By BOB MOREHEAD

The Post staff writer

WEST SALEM - As you pulled into town the afternoon of June 8, tribute signs sprouted in the lawns and tree-lawns on both sides of the street. American flags of all sizes waved free in the early-summer haze. The village council canceled its meeting for that night.

West Salem was welcoming its hero home.

1st Lt. John M. Runkle Jr., an Army Ranger, was killed May 26 near Kandahar, Afghanistan, when an improvised explosive device blew up as his unit passed. June 8 was his funeral.

His Alma Mater, Northwestern High School, where he graduated in 2002, opened its doors for family, friends and well-wishers to say goodbye.

"We have heavy hearts but not hearts without hope," Rev. Bradley Kelley, of the Grace Brethren Church in Homerville, told those gathered.

Kelley pastors the Runkle's home church.

"We're honoring a hometown hero," Bradley said.

Runkle had enlisted in the Army right after graduation and served tours in Iraq and South Korea before being accepted into the U.S. Military Academy at West Point. After receiving his commission, he went to Ranger school and was later deployed to Afghanistan.

"Fortunately, I had a brother who was also my best friend," Cory Runkle said.

Cory said his brother pushed him to return to college and kept in constant touch, Cory at Ohio State, John at West Point.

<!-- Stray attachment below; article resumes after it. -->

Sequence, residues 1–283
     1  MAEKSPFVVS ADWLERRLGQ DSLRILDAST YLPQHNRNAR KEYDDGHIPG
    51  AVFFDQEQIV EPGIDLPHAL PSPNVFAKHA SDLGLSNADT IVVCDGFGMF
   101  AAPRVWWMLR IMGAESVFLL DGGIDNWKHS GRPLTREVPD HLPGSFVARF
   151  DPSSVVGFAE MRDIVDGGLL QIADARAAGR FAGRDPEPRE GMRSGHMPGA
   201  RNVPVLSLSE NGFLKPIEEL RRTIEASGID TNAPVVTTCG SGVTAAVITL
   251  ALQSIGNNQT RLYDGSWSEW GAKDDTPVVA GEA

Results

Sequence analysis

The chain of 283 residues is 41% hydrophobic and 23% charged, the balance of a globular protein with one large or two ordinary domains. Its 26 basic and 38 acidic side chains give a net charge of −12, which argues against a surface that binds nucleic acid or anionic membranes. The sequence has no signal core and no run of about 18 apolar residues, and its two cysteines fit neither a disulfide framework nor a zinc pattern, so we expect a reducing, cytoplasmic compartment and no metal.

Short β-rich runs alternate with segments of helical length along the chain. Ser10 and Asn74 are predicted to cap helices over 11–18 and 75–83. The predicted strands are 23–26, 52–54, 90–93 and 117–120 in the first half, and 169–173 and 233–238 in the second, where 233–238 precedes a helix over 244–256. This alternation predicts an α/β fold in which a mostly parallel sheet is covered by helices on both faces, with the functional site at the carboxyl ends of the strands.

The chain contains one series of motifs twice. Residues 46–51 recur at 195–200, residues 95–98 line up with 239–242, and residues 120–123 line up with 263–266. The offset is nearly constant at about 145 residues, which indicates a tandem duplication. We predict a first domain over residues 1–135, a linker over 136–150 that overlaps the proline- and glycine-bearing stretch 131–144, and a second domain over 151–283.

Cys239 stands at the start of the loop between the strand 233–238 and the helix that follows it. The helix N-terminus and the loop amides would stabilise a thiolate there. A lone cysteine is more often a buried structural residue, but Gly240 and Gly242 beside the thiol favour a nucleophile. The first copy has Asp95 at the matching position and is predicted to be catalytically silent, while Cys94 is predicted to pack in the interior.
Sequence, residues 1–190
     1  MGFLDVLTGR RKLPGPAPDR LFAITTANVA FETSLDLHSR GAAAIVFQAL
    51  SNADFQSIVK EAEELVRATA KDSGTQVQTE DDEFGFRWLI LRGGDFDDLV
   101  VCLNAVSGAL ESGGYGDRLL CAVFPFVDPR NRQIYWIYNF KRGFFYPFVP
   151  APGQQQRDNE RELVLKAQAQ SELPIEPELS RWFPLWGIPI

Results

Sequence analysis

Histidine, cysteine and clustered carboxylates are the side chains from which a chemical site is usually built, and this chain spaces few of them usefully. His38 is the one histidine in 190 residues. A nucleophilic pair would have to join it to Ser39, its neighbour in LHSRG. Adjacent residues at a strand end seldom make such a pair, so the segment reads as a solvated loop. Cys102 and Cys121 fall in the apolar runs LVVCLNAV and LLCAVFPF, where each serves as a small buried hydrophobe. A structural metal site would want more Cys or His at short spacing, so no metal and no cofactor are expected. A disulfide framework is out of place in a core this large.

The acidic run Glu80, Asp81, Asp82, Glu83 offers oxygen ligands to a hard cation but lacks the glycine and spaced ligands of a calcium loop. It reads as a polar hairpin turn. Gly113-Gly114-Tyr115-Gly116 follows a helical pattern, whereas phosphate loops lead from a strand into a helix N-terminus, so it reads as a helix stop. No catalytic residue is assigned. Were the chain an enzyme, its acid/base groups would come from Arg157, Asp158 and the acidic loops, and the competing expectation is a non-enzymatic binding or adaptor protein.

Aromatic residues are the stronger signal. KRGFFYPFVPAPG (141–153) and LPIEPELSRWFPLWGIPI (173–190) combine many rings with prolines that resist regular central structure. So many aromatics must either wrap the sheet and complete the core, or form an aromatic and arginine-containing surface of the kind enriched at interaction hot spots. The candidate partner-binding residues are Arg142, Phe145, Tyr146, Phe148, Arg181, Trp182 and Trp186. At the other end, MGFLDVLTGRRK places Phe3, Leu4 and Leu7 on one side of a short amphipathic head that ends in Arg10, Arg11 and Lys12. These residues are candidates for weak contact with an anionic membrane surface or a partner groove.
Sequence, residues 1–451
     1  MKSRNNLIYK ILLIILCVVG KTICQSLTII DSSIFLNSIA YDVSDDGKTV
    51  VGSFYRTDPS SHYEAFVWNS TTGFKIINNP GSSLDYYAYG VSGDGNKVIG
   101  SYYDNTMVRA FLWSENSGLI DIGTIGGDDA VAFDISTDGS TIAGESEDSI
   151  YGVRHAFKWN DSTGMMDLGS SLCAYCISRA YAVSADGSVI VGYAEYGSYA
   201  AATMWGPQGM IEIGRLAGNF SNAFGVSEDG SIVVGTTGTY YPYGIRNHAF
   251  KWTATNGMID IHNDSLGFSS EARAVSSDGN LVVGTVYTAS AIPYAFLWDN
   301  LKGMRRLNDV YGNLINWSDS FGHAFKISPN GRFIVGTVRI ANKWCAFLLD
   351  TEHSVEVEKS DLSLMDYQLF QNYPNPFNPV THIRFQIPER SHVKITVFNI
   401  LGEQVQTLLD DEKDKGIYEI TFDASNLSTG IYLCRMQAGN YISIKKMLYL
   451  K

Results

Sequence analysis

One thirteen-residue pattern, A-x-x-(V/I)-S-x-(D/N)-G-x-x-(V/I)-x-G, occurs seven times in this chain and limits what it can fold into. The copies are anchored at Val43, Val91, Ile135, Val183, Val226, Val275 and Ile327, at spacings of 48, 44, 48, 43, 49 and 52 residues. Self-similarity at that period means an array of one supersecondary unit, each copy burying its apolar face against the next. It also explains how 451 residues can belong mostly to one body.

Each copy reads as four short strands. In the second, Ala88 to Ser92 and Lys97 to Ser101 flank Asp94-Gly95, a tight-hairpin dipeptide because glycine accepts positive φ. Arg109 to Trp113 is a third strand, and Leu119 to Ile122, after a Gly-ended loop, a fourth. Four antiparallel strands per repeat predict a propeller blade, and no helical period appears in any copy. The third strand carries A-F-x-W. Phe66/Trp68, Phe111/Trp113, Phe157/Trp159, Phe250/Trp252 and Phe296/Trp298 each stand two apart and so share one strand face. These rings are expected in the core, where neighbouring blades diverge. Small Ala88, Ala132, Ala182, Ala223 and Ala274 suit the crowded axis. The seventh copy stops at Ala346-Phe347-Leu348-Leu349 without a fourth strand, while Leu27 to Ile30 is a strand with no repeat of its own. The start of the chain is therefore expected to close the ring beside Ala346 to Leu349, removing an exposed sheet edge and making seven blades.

"He would end every conversation the same way," Cory said. "'Take care of Mom and Dad, I love you and until next time, keep on truckin'.'

"So John," Cory continued, "I'm taking care of Mom and Dad, I love you, and until next time, keep on truckin'."

Younger brother Brent described John as utterly family-focused and "the perfect blend of fun and serious."

"Every time we talked, it was how's the family first," Brent said. "Then it was all about me."

He said he wasn't sure John even knew how to talk about himself.

The American Red Cross presented John's mother with a memorial quilt and the Blue Star Mothers presented both parents with Gold Star Banners, signifying the family lost a soldier.

Major Gen. David Mann presented John's posthumous awards to John's mother and father, including the Purple Heart and the Bronze Star, the nation's fourth-highest decoration.

John was interred at Ohio Western Reserve National Cemetery. A procession more than four miles long took him there and many hundreds of people lined the streets in town and township, many waving small American flags, either saluting or placing their hands over their hearts as the parade passed. Firefighters from departments miles around blocked the intersections for the procession, saluting as it passed. Someone had placed hundreds of small American flags on the center guardrail on U.S. Route 42 on the processional route.

At the cemetery, Mann presented the flag that had draped the coffin to John's mother and another to his father. Riflemen fired three volleys and a bugler sounded "Taps."

Family and friends offered condolences to the family and John was left to his rest.

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